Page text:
Can teachers' children continue in their feeder patterns?
Do you want DCSS teachers to come in early and stay late to tutor your child and/or sponsor clubs and activities (for free, I might add)?
You can mess with my pay and my retirement, but please don't mess with my child!
School-based employees children are eligible to stay in the entire "Feeder" system that their parent works. K-12, wherever your parent works.
Nothing mysterious about the Pre-K line. It is open to anyone because of the state lottery nature of the program. Of course, once you get your kid into that school, you can argue that their little 4-year-old psyche will be hurt if they have to go somewhere else to school for the rest of their educational career.
Dear Anonymous at 3:56-
"School-based employees children are eligible to stay in the entire "Feeder" system that their parent works. K-12, wherever your parent works."
I would like to believe this is true. How can I verify? Anyone?
Dear Anonymous at 3:56,
"School-based employees children are eligible to stay in the entire "Feeder" system that their parent works. K-12, wherever your parent works."
I would like to believe this is true. How can I verify?
"School-based employees children are eligible to stay in the entire "Feeder" system that their parent works. K-12, wherever your parent works
Not true under this new policy.
For every DCSS employee/teacher who does not live in Dekalb County and has his/her child attend a DCSS school, that is a $10,000 perk that county taxpayers are paying for.
Sorry, but if yoo do not live in DeKalb County, DeKalb taxpayers should not be paying to educate your child.
And remember, Ramona Tyson has yet to crack down on administrative transfers.
She needs to stand up to the Central office mafia. They should have never been allowed to pick and choose whcih schools they get to send their children to.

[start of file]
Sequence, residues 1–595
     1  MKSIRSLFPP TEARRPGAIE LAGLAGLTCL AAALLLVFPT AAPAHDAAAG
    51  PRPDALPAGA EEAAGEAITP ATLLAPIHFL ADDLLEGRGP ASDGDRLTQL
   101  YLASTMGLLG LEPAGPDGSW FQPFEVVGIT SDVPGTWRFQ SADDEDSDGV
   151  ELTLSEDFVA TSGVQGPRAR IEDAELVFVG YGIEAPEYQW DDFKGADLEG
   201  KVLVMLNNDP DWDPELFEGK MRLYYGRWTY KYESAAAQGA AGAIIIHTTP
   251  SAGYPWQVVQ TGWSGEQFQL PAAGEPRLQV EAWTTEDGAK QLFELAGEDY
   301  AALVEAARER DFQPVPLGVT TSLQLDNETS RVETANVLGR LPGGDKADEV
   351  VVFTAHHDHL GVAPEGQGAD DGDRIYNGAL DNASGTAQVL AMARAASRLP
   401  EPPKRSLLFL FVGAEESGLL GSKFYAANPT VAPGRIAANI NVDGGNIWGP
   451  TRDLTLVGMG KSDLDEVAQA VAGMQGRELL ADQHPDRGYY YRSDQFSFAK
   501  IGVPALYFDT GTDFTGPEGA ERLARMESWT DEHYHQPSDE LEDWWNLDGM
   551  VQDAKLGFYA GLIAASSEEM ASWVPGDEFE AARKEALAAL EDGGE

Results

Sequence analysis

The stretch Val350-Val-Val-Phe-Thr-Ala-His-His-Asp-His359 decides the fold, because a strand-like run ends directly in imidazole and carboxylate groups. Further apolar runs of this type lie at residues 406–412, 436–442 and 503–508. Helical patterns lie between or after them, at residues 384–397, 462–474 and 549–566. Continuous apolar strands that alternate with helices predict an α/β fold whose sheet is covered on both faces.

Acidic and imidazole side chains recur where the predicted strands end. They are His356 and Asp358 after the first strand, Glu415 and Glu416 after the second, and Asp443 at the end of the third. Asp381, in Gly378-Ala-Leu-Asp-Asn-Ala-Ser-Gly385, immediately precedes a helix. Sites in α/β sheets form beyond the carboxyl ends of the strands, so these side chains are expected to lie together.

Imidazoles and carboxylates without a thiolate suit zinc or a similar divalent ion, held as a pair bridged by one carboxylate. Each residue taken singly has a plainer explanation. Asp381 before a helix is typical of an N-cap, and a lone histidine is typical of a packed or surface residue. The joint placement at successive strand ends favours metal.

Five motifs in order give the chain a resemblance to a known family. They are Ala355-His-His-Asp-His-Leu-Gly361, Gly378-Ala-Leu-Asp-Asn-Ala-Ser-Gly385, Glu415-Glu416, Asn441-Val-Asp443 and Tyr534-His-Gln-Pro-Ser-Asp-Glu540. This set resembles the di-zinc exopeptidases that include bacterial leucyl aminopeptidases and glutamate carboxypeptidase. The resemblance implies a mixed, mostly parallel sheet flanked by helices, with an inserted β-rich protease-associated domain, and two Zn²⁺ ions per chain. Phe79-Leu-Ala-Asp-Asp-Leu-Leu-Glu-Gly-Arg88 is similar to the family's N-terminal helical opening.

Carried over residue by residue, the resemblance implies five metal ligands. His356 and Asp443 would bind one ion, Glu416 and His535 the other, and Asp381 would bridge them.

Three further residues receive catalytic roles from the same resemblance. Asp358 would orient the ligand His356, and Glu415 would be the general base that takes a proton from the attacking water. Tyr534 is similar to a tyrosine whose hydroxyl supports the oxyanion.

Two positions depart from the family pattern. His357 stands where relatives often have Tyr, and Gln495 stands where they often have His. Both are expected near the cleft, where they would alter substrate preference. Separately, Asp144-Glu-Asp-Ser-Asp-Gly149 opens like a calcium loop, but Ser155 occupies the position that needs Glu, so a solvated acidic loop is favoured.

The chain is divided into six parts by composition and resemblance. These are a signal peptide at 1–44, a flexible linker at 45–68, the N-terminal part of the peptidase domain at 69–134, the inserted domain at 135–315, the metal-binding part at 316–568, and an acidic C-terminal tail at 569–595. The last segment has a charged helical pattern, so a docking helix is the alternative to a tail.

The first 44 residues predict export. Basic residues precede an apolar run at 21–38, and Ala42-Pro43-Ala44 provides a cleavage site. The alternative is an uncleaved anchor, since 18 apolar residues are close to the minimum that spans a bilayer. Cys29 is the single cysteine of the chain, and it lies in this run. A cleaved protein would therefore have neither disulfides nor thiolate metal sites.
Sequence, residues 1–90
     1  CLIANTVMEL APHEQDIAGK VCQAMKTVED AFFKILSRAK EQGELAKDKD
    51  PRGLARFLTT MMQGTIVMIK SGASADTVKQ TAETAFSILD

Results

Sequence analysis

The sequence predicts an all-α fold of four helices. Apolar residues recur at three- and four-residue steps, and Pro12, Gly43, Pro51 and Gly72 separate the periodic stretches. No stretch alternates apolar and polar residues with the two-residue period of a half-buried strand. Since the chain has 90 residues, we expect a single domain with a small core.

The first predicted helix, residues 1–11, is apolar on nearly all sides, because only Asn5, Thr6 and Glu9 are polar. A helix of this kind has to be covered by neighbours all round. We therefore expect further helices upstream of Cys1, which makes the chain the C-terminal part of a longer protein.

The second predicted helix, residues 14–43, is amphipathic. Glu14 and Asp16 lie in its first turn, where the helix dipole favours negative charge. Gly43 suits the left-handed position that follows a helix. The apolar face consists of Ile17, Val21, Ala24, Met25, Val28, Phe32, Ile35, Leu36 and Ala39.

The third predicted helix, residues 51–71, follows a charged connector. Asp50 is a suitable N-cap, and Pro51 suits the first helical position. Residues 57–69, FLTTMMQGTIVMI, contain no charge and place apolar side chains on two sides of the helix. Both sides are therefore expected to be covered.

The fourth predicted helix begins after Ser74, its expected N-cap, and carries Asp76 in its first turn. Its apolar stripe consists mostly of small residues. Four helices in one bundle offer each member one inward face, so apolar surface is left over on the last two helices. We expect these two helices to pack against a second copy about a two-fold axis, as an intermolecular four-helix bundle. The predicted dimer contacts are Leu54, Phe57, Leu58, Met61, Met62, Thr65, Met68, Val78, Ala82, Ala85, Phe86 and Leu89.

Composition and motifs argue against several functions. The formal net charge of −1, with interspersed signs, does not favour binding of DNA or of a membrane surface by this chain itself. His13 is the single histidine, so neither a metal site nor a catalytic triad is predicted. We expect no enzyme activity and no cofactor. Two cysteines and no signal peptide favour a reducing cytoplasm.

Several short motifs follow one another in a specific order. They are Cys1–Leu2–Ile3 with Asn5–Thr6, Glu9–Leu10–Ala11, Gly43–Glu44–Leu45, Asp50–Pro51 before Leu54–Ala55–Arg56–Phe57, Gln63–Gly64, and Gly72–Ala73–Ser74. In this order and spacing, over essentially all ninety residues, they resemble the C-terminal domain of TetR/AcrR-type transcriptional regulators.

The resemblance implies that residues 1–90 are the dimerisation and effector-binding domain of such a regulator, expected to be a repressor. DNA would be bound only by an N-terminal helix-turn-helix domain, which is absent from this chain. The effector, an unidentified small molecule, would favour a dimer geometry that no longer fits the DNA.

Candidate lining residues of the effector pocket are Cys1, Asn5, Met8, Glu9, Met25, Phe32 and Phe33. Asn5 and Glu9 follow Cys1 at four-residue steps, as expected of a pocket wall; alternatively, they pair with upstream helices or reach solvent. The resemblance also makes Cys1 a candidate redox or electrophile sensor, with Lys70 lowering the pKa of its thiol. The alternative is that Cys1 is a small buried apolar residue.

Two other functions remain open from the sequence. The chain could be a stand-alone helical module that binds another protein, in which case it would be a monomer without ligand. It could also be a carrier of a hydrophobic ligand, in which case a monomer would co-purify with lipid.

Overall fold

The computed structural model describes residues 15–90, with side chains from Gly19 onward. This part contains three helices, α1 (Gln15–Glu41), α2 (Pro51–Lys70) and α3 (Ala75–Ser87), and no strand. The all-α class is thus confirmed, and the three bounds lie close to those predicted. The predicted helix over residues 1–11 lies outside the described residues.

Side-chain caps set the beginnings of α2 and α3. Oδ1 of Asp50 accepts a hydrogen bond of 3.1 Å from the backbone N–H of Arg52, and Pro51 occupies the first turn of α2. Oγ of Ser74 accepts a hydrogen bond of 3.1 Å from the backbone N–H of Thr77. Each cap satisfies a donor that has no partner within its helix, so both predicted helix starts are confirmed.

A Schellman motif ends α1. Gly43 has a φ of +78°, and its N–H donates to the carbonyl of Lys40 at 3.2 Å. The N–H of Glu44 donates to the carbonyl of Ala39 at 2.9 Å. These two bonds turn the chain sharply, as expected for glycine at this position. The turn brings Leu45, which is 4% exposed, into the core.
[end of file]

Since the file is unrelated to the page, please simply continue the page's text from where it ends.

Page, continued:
What does it say about all the non-teaching DCSS staff who do not send their children to their zoned school? if they aren't willing to send their children to their zoned school and work for a better school, they are lesser people for it.
Just curious, but what’s the rationale behind letting a child attend the school at which his/her parent teaches - convenience for the parent/teacher? I have no problem with that, by the way, although I think any transfer ought to depend on available capacity of the receiving school.
It’s funny, though, when we’re threatened with redistricting, or schools being closed, things like strong neighborhood unity, feeder patterns, walking proximity to school, and neighborhood friends are really important “for our kids.” But if it’s not convenient for the parent, we have no qualms about yanking them out of a neighborhood school, away from their friends, and dragging them across the county to where we work, arriving earlier and staying later than they would at a neighborhood school.
Why is it so dang difficult for this policy to just go ahead and clearly spell out what the policy will be for non-school based employees (I guess defined as employees not evaluated by a principal?)?
Answer is obvious! If it's clear, it can't be abused!!
And the BOE members will "innocently" overlook this omission because they want to be able to send their children, grandchilren, nieces, nephews, children with lovers, neighbor's children, neighbor's grandchildren, fraternity/sorority sisters' children, etc. to whatever school they choose.
SACS is asleep at the wheel.
One very high level administrator's child now has a seat at our extremely overcrowded middle school. And he has a spot of the "middle school" baseball team. An opportunity a taxpaying resident's child should have.
I think this policy is to follow the letter of the law except with the exception of the theme and magnet programs where there is competition and their may be a conflict to allow the teacher's children to have preferential treatment.
From what I see the law will be followed and this means the students can attend the school the parent teachers. They cannot attend the feeder schools. This has been a problem in the past and with AYP students this is a problem now. You cannot allow a student outside the county to take the seat of a student who is in the county who wants that seat due to AYP, unless the state law in place trumps this by allowing the teacher's child to attend the school. This is real simple. The law will be followed from now on.
The students should never have been allowed in the feeder schools. This was not what the law intent was at all. It was first put into place due to coach's children and teacher's children being at different schools for different events and this was an issue. Many have taken advantage of the situation and the situation has got way out of control in some areas where the schools are good schools in the county.